Wal-mart issue: Govt proposing commission of inquiry
New Delhi: The government is proposing to set up a commission of inquiry to probe reported allegations that retail giant Wal-Mart had indulged in lobbying activities in India and find out whether these were in contravention of Indian laws.
The proposal to set up a one-man commission to be headed by a retired high court chief justice or judge is expected to be considered by the Cabinet on Thursday.
The move comes over a month after the proceedings of Parliament during the Winter session were paralysed over the issue.
Following uproar by Opposition parties, Parliamentary Affairs Minister Kamal Nath had announced that the government was ready for a probe and that it will be headed by a retired judge.
According to the proposal of the Corporate Affairs Ministry, the Commission, to be set up under the Commission of Inquiry Act, 1951, will submit its report within three months of its constitution.
The Terms of Reference include probe into "recent media reports regarding their lobbying activities" and "whether Wal-Mart undertook any activity in India in contravention of any Indian law".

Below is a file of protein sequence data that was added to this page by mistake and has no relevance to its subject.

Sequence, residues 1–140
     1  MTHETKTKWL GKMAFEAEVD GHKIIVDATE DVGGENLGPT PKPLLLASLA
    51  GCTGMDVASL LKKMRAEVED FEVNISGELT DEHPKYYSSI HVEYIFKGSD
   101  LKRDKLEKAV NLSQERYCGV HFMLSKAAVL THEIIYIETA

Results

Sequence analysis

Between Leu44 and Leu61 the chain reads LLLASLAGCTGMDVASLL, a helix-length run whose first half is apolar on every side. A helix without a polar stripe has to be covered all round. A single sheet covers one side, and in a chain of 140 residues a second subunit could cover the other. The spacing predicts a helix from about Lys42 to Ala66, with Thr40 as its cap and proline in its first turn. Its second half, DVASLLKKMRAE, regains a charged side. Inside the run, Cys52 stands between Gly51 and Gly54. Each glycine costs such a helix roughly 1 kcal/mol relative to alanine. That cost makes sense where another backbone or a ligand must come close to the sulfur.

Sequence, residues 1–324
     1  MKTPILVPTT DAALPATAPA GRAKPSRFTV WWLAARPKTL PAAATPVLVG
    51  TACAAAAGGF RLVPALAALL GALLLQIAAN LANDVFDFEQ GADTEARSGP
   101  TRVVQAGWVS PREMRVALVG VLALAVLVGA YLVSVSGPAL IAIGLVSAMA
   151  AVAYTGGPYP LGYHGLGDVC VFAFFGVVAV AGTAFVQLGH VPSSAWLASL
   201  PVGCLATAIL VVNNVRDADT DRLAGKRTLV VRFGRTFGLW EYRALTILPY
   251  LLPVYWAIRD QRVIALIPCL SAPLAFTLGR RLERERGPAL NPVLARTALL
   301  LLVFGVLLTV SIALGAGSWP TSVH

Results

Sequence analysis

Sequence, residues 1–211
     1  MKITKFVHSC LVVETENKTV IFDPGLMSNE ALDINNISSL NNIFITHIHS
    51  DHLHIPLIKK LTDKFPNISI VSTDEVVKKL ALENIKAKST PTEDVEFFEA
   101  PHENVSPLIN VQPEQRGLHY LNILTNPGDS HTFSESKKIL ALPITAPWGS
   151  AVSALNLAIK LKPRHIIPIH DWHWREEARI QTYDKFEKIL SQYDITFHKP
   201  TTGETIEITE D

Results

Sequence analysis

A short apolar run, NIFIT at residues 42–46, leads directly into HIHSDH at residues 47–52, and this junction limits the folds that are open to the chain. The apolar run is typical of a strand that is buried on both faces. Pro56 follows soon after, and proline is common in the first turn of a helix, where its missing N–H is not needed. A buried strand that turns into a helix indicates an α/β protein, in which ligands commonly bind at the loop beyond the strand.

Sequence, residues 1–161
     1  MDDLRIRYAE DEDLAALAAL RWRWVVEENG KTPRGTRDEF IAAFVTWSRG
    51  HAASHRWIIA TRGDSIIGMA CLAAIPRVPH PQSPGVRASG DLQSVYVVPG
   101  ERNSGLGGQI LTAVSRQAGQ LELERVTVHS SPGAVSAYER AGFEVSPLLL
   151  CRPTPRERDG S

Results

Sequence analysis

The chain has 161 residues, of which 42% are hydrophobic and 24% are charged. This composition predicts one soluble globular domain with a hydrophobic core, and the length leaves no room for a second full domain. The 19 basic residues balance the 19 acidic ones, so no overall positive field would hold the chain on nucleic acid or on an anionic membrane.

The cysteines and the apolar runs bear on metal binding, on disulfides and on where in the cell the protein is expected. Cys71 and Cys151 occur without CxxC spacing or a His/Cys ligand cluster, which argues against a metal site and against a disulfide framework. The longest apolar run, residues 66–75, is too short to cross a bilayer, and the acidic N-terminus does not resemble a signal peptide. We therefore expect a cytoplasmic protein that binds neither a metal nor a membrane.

Under the Commission of Inquiry Act, it is obligatory on part of the government to table the probe report as well as the action report in Parliament.
Wal-Mart, waiting for years to open its supermarkets in India, has been lobbying with the US lawmakers since 2008 to facilitate its entry into the highly lucrative Indian market.
As per the lobbying disclosure reports filed by Wal-Mart with the US Senate, the company has spent close to USD 25 million (about Rs 125 crore) since 2008 on its various lobbying activities, including on the issues related to "enhanced market access for investment in India".
In the last quarter ended September 30, 2012, the company spent USD 1.65 million (about Rs 10 crore) on various lobbying issues, which included "discussions related to FDI in India".
Bharti Wal-Mart has already denied wrongdoing saying the allegations of corruption are "entirely false".
It had said the amount mentioned in its disclosure is a "compilation of expenses associated with staff, association dues, consultants and contributions spent in the US."
Lobbying is legal in the US.